A few weeks ago, I had the pleasure of hosting a book launch party for my friend, Arianna Huffington. Her book, Thrive, makes a compelling case for living a more balanced life.
Interpersonal relationships have always been the foundation of my success and happiness. When I’m in a meeting, I give the people I’m with my full attention (and expect the same in return). While technology has allowed our society to become more productive and connected in many positive ways, I still intentionally carry a flip phone and work on a desktop computer. When it’s time to work, I go back to my computer to focus. And when I’m meeting with people, I’m fully present and free of distractions from anything else that is going on at the moment.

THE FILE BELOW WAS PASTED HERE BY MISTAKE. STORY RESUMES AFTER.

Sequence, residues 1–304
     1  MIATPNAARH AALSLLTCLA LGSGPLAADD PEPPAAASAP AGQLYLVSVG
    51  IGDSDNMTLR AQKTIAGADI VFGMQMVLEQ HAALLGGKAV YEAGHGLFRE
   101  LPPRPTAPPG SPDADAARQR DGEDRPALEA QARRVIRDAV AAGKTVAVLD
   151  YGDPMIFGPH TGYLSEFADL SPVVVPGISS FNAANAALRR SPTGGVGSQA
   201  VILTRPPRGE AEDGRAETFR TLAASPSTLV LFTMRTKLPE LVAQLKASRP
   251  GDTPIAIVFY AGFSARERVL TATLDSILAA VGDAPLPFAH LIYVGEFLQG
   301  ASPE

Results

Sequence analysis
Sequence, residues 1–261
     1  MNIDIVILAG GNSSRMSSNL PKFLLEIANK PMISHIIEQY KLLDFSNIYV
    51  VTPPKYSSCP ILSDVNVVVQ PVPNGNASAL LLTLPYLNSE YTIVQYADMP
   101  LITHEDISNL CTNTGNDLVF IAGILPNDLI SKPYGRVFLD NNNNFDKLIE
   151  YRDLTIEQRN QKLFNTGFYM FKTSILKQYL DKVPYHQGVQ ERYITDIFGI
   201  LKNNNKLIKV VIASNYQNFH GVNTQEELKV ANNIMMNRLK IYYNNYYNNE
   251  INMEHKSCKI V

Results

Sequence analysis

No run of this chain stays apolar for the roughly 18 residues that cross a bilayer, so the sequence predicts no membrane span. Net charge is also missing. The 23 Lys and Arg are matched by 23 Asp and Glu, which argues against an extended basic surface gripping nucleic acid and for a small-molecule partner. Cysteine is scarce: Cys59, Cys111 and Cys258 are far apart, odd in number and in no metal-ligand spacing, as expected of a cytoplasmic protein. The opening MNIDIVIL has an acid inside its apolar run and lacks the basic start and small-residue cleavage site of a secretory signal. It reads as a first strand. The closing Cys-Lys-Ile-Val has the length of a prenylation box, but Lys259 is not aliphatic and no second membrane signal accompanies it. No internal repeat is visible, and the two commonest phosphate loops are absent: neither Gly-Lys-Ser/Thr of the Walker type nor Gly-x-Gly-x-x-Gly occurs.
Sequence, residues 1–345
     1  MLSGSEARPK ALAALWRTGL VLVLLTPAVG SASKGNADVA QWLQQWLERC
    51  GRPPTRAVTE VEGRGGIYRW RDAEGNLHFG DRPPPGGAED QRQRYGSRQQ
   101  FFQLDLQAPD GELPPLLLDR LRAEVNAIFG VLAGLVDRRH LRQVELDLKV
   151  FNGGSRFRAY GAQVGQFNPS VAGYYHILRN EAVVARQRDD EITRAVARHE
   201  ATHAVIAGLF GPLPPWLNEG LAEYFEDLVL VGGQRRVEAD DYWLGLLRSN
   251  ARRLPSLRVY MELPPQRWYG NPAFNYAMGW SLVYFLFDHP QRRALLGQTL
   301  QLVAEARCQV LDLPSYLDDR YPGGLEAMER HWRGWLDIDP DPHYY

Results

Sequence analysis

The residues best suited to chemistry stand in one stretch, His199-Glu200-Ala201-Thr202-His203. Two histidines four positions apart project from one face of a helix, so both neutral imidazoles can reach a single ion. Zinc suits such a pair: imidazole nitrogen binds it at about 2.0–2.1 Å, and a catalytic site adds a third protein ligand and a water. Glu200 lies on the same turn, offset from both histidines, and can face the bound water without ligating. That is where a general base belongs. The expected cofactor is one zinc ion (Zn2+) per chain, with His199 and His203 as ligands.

I also strongly believe in spending quality time with family and friends, regardless of my work obligations. We get so fixated on doing whatever it takes to get ahead that it’s easy to lose perspective. But professional opportunities will always come and go, and you can never get back the time you miss with the people who matter most in your life.
I applaud Arianna for launching such a meaningful dialogue around the true meaning of success. I realize that technology has allowed her, more than almost anyone else, to have this important conversation on a large scale. But her perspective on the kind of ‘connection’ that truly matters is what makes her successful.